The Muddles over Outsourcing
Jagdish Bhagwati, Arvind Panagariya, and T.N. Srinivasan*
Forthcoming in revised form:
The Journal of Economic Perspectives
Note: Readers who are not theoretically inclined may skip Section III without loss of
Critics have muddled the public debate over offshore outsourcing by using the term
interchangeably to refer to altogether different phenomena such as on-line purchase of
services, direct foreign investment and, sometimes, all imports.
We argue that clarity
requires distinguishing among these various phenomena and define outsourcing explicitly
as the services trade at arm's length that does not require geographical proximity of the
buyer and the seller—the so-called Mode 1 services in the WTO terminology—
conducted principally via the electronic mediums such as the telephone, fax and Internet.
The definition is appropriate because this is the phenomenon that is relatively new and
scary in public consciousness and has fueled the recent “outsourcing” debate.
definition, the total number of the U.S. jobs outsourced annually is minuscule and is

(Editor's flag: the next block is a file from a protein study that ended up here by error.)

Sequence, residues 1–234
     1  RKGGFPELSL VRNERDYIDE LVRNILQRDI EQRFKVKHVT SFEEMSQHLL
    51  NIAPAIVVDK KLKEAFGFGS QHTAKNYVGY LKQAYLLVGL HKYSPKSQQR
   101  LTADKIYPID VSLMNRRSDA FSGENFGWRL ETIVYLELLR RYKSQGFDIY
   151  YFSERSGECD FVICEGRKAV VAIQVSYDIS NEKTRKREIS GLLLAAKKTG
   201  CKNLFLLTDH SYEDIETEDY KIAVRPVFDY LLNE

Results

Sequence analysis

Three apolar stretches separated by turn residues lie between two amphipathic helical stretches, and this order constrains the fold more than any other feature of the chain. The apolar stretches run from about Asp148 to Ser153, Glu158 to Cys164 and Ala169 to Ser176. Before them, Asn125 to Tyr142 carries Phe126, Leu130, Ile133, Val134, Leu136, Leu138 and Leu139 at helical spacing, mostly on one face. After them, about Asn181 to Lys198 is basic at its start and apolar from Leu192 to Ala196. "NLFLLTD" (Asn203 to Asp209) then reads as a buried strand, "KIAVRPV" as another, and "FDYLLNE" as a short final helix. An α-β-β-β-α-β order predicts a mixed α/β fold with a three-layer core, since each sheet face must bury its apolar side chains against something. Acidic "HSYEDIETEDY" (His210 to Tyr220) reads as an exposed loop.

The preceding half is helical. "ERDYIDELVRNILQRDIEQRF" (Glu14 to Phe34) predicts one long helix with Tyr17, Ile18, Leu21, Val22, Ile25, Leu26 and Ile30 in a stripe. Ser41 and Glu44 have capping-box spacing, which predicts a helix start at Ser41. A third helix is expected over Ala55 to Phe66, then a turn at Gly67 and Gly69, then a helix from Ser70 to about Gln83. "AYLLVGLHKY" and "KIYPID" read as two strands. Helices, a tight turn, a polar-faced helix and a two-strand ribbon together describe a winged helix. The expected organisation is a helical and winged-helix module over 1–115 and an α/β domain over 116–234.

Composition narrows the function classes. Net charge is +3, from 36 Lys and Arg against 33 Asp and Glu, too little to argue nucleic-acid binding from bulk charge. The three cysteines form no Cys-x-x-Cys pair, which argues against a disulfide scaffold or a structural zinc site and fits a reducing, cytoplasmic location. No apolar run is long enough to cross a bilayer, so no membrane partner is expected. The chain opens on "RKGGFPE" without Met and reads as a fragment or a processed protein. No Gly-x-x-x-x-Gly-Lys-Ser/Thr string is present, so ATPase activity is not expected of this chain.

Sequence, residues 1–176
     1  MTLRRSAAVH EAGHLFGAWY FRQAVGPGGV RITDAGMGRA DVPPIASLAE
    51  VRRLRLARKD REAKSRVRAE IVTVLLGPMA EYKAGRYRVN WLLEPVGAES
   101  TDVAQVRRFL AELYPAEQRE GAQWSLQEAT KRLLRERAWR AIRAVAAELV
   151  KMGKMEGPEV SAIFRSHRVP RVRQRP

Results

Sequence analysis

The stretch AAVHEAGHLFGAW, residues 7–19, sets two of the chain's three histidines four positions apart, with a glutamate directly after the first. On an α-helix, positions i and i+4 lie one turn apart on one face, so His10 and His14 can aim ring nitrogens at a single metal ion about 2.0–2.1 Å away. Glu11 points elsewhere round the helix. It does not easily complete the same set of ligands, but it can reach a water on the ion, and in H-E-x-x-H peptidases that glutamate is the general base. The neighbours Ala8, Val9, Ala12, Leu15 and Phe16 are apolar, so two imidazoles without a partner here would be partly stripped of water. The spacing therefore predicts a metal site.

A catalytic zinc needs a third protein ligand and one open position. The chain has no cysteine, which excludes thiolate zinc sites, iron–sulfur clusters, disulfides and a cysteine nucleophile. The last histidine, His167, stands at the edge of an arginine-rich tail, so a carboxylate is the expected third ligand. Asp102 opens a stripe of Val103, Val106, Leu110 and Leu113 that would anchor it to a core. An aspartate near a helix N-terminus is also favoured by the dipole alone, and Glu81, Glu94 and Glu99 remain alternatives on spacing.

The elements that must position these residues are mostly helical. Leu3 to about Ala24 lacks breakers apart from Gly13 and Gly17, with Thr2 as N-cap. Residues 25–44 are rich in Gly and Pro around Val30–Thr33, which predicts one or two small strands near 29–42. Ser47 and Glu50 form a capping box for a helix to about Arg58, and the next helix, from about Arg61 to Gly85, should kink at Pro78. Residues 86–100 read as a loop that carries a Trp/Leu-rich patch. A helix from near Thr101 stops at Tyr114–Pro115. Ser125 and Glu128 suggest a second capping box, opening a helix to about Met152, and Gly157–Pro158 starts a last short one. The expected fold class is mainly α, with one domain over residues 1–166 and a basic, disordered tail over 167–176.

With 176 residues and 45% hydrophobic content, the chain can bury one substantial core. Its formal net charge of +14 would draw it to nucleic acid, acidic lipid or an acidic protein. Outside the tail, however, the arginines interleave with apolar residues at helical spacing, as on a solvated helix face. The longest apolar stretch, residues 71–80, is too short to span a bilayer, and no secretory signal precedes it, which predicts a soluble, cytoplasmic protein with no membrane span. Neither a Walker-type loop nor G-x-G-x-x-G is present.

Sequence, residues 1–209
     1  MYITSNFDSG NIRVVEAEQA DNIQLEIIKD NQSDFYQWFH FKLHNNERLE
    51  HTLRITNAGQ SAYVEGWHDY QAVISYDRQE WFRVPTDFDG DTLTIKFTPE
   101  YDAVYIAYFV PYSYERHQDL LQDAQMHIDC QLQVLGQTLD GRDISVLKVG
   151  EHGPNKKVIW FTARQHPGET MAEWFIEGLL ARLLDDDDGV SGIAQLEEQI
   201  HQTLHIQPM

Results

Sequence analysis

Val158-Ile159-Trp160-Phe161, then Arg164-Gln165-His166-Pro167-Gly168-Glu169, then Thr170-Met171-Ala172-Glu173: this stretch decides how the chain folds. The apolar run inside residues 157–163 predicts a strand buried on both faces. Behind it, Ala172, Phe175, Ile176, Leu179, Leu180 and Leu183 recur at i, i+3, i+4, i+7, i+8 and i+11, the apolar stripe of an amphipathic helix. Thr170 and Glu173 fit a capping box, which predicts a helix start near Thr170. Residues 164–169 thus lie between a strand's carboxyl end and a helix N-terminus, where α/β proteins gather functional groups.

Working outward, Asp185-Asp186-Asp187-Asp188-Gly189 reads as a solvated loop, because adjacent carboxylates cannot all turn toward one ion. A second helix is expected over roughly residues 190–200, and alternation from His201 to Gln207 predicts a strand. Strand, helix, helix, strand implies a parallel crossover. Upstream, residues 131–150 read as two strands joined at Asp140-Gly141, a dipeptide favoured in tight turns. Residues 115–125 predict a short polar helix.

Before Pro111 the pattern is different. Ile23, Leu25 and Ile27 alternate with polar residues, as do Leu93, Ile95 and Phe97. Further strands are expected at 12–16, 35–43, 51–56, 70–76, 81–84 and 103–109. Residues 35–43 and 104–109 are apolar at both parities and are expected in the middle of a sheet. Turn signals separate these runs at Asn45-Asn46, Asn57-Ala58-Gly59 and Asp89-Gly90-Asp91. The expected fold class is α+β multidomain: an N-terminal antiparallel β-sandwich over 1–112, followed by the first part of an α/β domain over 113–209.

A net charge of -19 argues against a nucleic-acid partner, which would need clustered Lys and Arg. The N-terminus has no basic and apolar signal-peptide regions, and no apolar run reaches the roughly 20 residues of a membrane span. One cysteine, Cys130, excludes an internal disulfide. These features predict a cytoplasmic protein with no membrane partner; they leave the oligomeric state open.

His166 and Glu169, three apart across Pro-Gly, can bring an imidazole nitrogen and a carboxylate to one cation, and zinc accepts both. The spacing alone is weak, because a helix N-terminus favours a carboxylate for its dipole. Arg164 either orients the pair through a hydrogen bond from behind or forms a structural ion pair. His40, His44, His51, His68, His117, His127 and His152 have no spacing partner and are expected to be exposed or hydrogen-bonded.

expected to remain so over the next decade, even on a gross basis (i.e., without adjusting
for the jobs in-sourced to the U.S.). The fears that offshore outsourcing will lead to high-
value jobs being replaced by low-value jobs down the road are also argued here to be
implausible in view of several qualitative arguments to the contrary. We also demonstrate
that offshore outsourcing of Mode 1 services raises no new analytical issues, contrary to
what many fear.
Thus, it leads to gains from trade (with the standard caveats applicable
to conventional trade in goods) and, in specific cases, to income-distribution effects.
*Jagdish Bhagwati is University Professor, Columbia University, and Andre Meyer
Senior Fellow in International Economics, Council on Foreign Relations, both in New
York, New York.
Arvind Panagariya is a Professor of Economics and the Jagdish
Bhagwati Professor of Indian Political Economy, Columbia University, New York, New
York. T.N. Srinivasan is Samuel Park Jr. Professor of Economics, Yale University, New
We acknowledge helpful comments from Alan Deardorff, Douglas
Irwin, Katherine Mann, Lori Kletzer and John Williamson and invaluable assistance from
James Hines, Andrei Shleifer, Michael Waldman and, above all, Timothy Taylor.